The familiarity with, and customisation of, an employee’s own personal device has been shown – in various research – to be a better working tool than the standard company desktop. However, if not managed correctly, BYOD can represent a new, and severe risk to your IT security.

BYOD involves allowing your staff to conduct their work using their own computer or mobile device, this can be on or off premises. Permitting external devices to access your network is an integral part of BYOD.

This raises the issue of data protection and the GDPR. BYOD allows for additional channels to the data you hold on your corporate network, whether that be on servers you own or in the cloud. Data that you are legally obliged to protect with sufficient safeguards. These increased legal risks are another reason why SMBs must take precautions.

Sensitive business data or private client/customer data can potentially be exposed if devices are lost or stolen. The personal online habits of your employees can also increase your network’s vulnerability to viruses, phishing, or hacking schemes designed to steal such data.

Effective Mobile Device Management or MDM is critical to ensure all employee devices are configured, deployed, managed and monitored in a manner that prioritises data integrity and security.

It must clearly be outlined what specific devices are permitted for work use and employees must understand that employers still have access to the content stored on these devices.

As the business owner, you must have the ability to remotely delete company-sensitive data from mobile devices without the device owner’s permission. Remote deletion capabilities are much more refined these days; simplifying the removal of enterprise-related data from devices, while leaving other content like personal photos, contacts, apps and music downloads intact.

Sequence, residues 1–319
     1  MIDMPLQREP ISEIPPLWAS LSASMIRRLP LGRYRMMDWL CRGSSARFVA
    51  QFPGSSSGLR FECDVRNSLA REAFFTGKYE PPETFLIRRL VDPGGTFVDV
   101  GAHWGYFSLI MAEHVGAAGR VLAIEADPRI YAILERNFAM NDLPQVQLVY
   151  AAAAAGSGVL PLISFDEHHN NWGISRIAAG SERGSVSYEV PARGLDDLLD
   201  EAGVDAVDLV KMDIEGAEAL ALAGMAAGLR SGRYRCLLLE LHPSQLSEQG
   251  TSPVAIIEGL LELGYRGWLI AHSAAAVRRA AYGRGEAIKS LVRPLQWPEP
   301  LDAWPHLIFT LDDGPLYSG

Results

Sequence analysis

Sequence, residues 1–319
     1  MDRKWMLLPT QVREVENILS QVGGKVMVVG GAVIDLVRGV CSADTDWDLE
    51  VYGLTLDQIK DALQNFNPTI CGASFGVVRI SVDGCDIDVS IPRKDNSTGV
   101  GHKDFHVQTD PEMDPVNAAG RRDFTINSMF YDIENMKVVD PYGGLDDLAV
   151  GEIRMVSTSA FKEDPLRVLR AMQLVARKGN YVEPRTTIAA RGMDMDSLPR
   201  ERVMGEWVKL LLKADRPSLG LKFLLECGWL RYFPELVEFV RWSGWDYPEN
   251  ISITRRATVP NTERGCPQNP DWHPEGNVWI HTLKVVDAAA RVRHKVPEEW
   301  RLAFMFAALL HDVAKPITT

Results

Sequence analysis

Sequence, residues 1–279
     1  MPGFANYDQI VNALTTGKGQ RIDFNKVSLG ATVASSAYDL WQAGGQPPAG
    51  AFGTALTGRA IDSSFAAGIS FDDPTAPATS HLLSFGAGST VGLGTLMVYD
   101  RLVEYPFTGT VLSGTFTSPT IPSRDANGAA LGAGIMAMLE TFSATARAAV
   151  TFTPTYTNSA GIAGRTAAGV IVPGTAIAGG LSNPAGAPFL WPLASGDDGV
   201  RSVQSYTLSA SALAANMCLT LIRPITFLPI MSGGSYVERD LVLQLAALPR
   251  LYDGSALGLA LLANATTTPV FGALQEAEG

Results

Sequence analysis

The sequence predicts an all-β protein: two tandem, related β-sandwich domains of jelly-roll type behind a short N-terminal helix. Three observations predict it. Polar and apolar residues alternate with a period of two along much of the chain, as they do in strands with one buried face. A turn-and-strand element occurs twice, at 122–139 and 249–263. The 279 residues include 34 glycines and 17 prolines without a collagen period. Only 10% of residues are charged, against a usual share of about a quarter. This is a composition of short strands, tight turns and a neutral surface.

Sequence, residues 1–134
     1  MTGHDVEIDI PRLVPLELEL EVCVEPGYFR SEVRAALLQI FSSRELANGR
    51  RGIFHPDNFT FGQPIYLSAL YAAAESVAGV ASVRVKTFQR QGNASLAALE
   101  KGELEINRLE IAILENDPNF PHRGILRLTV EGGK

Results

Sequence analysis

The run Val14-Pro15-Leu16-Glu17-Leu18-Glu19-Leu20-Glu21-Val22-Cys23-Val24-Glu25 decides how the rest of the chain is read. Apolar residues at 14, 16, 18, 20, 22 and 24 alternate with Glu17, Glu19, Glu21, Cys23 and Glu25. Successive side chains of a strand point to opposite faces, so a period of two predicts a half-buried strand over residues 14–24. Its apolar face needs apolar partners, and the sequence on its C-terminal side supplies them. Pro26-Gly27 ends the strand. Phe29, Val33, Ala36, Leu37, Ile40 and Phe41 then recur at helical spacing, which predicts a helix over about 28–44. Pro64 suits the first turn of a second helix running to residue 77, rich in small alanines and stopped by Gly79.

Written policies should be put into effect that corresponds with terms of use policies and any guidelines pertaining to remote/telecommuting workers or the sharing of sensitive data. There should be clearly defined consequences for violating any or all policies.

Lastly, it’s worth noting that it’s not just your data that needs to be considered either. Employee privacy should be discussed within the BYOD policy since employees often use these devices to check personal email, browse or post to Facebook and Twitter feeds, instant message, and store personal documents, photos, music and movie downloads.

We would encourage any company that is either considering introducing a BYOD policy or reviewing an existing one to get in touch with us to ensure your business is protected whilst also being able to enjoy the many benefits BYOD offers.

To discuss any requirements for IT support, managed security services, and the benefits of a BYOD policy, please contact us on 0121 784 0077 or click here to see how Microtrading can help.